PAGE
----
In the interest of full etymological disclosure, crinkum-krankum was also used as terribly vulgar slang term for what Francis Grose explained as “a woman’s commodity: the private parts of a modest woman, and the public parts of a prostitute.

Naturally, I will have none of that in this house, though I am quite aware that Mordecai and Silas enjoy extreme bawdiness and I admit to blushing often when those two are in their cups and having open discussions. I am the more modest of the relations, I am quite aware. Crinkum-krankum, as far as I’m concerned, is the perfect word to dub a winding and confusing garden wall or an overly elaborate vase.

Speaking of vases, Bubo was particularly fond of this urn, also on display in Congress Park. A pair of painted iron urns, titled Night and Day, were created by Danish neoclassical sculptor Bertel Thorvaldsen and were placed in the park in 1830. This photo shows the night side of the urns. Can you guess why Bubo particularly likes these?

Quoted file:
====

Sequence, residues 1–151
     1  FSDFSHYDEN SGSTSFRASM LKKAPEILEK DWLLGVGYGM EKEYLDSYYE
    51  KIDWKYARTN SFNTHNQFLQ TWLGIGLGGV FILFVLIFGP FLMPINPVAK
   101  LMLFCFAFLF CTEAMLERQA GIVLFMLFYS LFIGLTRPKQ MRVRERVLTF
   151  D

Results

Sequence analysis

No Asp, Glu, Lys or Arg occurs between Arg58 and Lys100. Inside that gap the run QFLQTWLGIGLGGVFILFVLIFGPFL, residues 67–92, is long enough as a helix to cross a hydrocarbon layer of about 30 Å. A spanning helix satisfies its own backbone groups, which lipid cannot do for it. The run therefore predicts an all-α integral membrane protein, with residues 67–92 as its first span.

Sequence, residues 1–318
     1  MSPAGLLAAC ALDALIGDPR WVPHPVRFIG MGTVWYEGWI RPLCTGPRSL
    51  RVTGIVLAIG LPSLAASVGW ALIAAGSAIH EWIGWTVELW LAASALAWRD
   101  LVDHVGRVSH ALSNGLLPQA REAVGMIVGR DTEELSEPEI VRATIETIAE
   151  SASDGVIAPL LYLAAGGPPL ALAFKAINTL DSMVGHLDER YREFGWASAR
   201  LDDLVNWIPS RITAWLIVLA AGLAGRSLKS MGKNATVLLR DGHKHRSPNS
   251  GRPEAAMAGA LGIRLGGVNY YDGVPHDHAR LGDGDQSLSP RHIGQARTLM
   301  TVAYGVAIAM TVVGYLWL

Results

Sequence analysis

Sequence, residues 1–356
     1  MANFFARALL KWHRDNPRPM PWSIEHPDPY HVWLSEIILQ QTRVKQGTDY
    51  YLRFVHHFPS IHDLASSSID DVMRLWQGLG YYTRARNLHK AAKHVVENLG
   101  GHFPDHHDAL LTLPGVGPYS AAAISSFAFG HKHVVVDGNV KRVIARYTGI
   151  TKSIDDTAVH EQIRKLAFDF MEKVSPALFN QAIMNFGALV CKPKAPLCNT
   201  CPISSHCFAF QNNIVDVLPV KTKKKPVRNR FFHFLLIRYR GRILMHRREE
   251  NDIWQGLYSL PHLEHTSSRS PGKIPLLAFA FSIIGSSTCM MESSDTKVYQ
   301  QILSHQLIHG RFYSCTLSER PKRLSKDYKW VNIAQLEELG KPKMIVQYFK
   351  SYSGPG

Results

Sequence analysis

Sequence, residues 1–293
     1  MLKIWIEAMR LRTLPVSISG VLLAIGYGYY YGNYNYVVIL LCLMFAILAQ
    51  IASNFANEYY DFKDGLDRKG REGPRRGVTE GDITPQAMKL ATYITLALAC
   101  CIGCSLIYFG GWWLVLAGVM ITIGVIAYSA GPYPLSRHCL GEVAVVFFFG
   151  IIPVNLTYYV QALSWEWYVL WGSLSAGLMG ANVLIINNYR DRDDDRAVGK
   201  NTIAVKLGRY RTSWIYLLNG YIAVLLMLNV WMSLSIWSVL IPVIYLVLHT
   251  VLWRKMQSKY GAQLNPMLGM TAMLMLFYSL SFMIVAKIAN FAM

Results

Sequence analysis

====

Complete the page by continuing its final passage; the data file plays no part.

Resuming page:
Night and Day Urn, Congress Park, Saratoga Springs, New York

Relatively Candied

I believe I am completely recovered from the holidays – amazing how we look forward to the festive time with family until Day Two of the festivities and then we look forward to getting back to “normal” life – even if that normal life makes us crazy.

Nothing makes one crazy like family.

My family is crazy, and thus craziness is relative.

The Winter Solstice trees have been disposed of (converted to firewood) and most of the lights have been put away (Bubo likes to keep some around her nest). Mordecai and Charles are on a pilgrimage to Antigua and my house is finally my own.

As we all know, my own means just yours truly, a great horned owl, a pygmy yeti, a passel of dragons, various specimens, mobile gargoyles, some Night Story Birds, a handful of Slate Wing Fighting Birds, and whatever comes in through the subterranean canal.

Last night it was a very tiny woman, singing sea shanties and selling cookbooks printed on handmade paper. She had hair the color of yellow split peas and smelled of ham.